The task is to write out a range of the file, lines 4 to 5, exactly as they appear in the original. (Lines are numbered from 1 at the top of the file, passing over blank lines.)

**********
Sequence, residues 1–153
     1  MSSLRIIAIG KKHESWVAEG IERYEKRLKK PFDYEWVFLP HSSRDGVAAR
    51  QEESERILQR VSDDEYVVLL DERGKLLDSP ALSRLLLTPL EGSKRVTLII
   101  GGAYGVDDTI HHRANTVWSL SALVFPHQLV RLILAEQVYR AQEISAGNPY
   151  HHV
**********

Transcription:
   101  GGAYGVDDTI HHRANTVWSL SALVFPHQLV RLILAEQVYR AQEISAGNPY
   151  HHV